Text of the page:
One Illuminated Letter of Being, Donald Platt’s new collection of thirty-two heart-wrenching poems, is oriented around the loss of his mother—itself a disorienting experience, for anyone—that anticipates her death, reconciles itself to it, and resumes living, in a new way.
I’m sorry I stabbed Vann Marsden in the eye. It’s terrible that his wife had to die in the aftermath. The fact that she was already ill and couldn’t take the strain doesn’t alter my sadness over her passing, but when a director takes all the movies you love and remakes them as stark, near silent catalogs of gestures, the critic has to respond.
When we think of sticks, do we think tree; oh / bramble of me; what part of us, scatters wind, / becomes home to something other; how your / skinny bones in drape, mulberry limbs; oh slats / of light, ribs of; & dusk always resides in chest,
As kids, we don’t usually second guess adults. We tend to view them as infallible, since they’ve put in the time that we haven’t. So when Suzie told us that we were going to Broadway, I believed her. We all did. After all, everything we did was extraordinary, wasn’t it?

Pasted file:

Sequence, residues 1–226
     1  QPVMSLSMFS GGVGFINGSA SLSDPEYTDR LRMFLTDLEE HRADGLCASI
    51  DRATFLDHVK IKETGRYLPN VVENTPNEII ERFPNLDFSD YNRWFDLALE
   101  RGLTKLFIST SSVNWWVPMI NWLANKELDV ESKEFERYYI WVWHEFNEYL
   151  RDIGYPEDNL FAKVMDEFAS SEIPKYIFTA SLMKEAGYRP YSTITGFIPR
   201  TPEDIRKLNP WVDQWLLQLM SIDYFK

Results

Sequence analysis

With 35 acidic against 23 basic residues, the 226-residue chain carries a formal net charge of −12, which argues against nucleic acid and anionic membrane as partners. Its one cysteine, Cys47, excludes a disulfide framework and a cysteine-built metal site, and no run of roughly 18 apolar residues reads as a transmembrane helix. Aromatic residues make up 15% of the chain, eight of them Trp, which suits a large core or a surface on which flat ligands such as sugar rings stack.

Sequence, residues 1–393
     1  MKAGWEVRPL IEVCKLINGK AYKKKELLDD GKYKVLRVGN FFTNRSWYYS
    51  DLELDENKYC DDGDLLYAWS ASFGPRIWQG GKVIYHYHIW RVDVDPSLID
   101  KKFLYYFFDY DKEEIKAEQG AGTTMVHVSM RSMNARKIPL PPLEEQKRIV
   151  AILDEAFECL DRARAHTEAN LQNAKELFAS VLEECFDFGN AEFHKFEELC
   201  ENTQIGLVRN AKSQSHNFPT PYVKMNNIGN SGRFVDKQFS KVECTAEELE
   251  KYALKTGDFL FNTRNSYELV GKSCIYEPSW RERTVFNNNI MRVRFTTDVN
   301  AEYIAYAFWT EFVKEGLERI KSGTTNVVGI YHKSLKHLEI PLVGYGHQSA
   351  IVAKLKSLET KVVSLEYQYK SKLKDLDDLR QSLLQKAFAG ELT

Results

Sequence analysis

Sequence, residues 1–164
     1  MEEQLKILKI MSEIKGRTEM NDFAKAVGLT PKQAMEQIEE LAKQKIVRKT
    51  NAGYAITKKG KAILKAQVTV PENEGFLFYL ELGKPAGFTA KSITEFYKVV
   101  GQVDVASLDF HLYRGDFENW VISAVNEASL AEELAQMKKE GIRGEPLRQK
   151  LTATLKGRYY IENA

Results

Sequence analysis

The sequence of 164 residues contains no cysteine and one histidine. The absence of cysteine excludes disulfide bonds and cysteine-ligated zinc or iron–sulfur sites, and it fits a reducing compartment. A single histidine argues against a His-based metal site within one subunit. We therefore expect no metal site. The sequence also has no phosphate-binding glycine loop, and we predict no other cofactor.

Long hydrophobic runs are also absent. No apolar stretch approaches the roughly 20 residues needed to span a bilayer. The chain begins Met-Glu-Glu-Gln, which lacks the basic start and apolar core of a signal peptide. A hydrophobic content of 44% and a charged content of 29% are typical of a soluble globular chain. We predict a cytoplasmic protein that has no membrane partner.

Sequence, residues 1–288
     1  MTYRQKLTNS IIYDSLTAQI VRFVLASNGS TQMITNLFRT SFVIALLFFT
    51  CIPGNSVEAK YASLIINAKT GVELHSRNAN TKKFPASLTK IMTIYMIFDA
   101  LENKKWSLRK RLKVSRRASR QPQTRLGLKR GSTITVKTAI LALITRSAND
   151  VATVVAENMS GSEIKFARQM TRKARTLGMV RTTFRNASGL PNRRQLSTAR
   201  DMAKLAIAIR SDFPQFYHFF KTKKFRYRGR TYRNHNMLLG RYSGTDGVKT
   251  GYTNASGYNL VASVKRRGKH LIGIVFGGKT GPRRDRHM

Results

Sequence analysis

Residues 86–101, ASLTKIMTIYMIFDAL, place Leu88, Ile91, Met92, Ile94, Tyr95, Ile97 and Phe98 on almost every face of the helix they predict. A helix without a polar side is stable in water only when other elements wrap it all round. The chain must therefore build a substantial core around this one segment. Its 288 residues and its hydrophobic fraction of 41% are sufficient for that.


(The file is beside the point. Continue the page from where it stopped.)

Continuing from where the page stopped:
Our parents constantly reminded us to stay away from the tracks. Parents are always nattering on about things to avoid—eating before exercise, eating before bed, eating in bed, crossing the street without looking both ways, acquiring a lover who is ten years older with an addiction to Xanax, not getting grossly drunk at a wedding and peeing in the azaleas—that it eventually becomes hard to imagine they had any fun in their own probably non-existent childhoods.
It’s enough to sit down in the middle of the street, / the garbage trucks picking up trash, / the school buses stopping and starting, / the dirty rain falling from the neon clouds;
The road narrowed down and twisted as they got closer to the lake. The hot air hit Marcus’s face, and he smelled algae and ashes. He thought that this might be the place. “Let’s camp here,” he said and stopped the car.
Because devotion. Because ether. Because the saint holds a paintbrush, his sorrow. Because the grass may grow sharply, its knives. Because wonder.
ut that Carroll, a food historian whose delightful nonfiction book, Three Squares: The Invention of the American Meal (Basic Books, 2013) garnered strong reviews, was simply gearing up for her emergence as an extraordinary nature poet in the tradition of, among others, Wordsworth, Emerson, Emily Dickinson, Walt Whitman, and Mary Oliver.
The minister is at the Days of Jesus before the girl arrives. He is in his office, waiting. His sermon is written and placed on the pulpit and he waits for the girl to arrive as he has all summer. She comes in the side door and takes the stairs to the basement practice room where she says she is working on her scales. The minister’s office has a large glass wall facing the basement. The girl looks up. The minister is standing at the bank of windows.